New York Times reporter Maggie Haberman on Wednesday bluntly called out President Donald Trump for lying about her reporting on his administration.
Earlier in the morning, Trump had accused the Times of being the “enemy of the people” with its supposedly “false” reporting on his efforts to get former acting Attorney General Matt Whitaker to put a loyalist in charge of investigations being conducted by the U.S. Attorney’s Office for the Southern District of New York.
He also said that journalists reporting on his administration “don’t even call asking for verification” about stories they write about the White House.
During a CNN interview, Haberman slammed the president for spreading blatant misinformation about the work of her paper and of other media outlets.
“That’s not true, that’s a lie,” Haberman said. “I don’t know if he knows it’s a lie or whether he is telling himself this is true, whether his staff doesn’t tell him we are reaching out. I find it hard to believe that his staff didn’t reach him that this kind of a report was coming.”
Haberman also explained that she and her colleagues started reaching out to the White House on Friday to get their input into their big report on Trump and Whitaker, which dropped on Tuesday afternoon.
“I sent several e-mails that went unanswered until yesterday,” Haberman said. “They chose not to engage and afterwards, the president acts surprised.”
Watch the video below.
Trump accused by ex-Defense Secretary of putting US on ‘the trail toward a dictatorship’
During an appearance on CNN on Friday morning, former Defense Secretary William Cohen - who also served in the U.S. Senate as a Republican -- denounced Donald Trump in no uncertain terms, saying his use of military personnel against anti-police brutality protesters is a sign he has set the country on the path to a dictatorship.
To emphasize his point, he later called Trump the "dictator-in-chief."
Speaking with host Jim Sciutto, Cohen didn't mince words after the CNN host noted that the president and his former attorney called the protesters "terrorists."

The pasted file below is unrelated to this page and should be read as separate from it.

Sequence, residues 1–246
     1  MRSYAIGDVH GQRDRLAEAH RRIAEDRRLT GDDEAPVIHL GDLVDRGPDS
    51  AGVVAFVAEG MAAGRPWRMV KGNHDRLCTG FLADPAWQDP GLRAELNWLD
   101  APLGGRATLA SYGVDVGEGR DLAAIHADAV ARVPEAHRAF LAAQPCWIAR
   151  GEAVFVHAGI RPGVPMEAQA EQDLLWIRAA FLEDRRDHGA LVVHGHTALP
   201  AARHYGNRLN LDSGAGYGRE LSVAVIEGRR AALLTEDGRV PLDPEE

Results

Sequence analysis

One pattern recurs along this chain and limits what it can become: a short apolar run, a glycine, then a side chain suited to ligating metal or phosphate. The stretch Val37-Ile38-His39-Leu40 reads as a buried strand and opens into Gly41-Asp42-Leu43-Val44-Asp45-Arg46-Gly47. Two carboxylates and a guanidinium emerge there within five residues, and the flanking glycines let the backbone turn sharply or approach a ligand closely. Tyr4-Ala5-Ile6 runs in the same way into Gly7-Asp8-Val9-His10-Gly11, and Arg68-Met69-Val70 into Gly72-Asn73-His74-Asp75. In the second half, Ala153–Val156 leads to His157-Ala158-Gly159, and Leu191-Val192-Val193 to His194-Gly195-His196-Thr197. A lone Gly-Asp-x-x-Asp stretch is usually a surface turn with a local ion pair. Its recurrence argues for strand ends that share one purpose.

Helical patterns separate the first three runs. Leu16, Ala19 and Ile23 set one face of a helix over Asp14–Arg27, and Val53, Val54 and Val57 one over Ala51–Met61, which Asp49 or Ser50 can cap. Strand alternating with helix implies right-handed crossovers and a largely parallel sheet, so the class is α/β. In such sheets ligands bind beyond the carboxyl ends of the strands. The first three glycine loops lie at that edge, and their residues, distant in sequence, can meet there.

"What does it mean for you to hear a sitting president dismissing a whole range of protesters, who in fact were largely peaceful around the White House, dismissing a whole range of them as terrorists? What does that mean to you?" the CNN host asked.
Richmond mayor schools white lawmaker complaining removal of Confederate statue strips her of her history
Appearing on CNN's "New Day" on Friday morning, the mayor of Richmond, Virginia set a white state lawmaker straight over her comments that the imminent removal of a statue commemorating Confederate General Robert E. Lee was erasing her history.
Speaking with host John Berman, Mayor Levar Stoney expressed pleasure at the upcoming removal of the massive statue, saying it was a long overdue -- before the interview turned to comments made by State Senator Amanda Chase (R) made in a Facebook post.
Noting that the white lawmaker complained, "Let's be honest here, there is an overt effort here to erase all-white history," Stoney had a few words for the lawmaker.
Trump ‘crossed the line’ with the military this week — leading retired officers to revolt: former general
Appearing on CNN's New Day with host John Berman, retired Lt. Gen. Douglas Lute explained that Donald Trump finally went a bridge too far this week with retired military officials when his administration deployed military police to turn on peaceful protesters in a Washington D.C. park.
Speaking with the host, Lute -- who also served as U.S. ambassador to NATO -- said tension between the president and military officials has gradually increased over the past three and a half years, but that the past week's incidents led to a "tipping point."
After host Berman read off a list of high profile ex-military officials who have either criticized Trump or defended their former colleagues from attacks from the president, Lute was asked what had changed.